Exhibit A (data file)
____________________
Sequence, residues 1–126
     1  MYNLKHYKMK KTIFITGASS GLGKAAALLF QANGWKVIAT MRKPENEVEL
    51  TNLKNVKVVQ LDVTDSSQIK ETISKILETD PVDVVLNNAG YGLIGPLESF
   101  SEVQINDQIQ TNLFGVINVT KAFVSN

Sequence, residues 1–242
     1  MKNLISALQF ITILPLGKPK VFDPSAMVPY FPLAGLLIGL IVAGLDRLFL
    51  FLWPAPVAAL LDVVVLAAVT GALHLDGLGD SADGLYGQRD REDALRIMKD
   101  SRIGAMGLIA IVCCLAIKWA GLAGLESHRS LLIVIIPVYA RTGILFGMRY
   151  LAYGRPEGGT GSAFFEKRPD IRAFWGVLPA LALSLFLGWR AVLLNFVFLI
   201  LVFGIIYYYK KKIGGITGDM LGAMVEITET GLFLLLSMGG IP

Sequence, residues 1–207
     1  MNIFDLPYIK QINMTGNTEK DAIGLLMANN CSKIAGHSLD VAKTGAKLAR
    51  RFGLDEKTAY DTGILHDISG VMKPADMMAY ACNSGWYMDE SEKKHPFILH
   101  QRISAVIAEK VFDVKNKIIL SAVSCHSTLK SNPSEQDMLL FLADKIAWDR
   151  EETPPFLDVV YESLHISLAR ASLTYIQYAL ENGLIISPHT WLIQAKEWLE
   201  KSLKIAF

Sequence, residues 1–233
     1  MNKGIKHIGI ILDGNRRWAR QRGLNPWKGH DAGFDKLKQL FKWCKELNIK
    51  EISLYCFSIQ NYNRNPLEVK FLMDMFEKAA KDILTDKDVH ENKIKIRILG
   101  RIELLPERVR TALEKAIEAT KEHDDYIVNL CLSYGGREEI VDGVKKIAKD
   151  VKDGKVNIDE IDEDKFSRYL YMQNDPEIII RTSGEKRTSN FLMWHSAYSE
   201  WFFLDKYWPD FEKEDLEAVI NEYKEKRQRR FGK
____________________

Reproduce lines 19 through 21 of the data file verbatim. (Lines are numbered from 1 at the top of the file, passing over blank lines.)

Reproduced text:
    51  EISLYCFSIQ NYNRNPLEVK FLMDMFEKAA KDILTDKDVH ENKIKIRILG
   101  RIELLPERVR TALEKAIEAT KEHDDYIVNL CLSYGGREEI VDGVKKIAKD
   151  VKDGKVNIDE IDEDKFSRYL YMQNDPEIII RTSGEKRTSN FLMWHSAYSE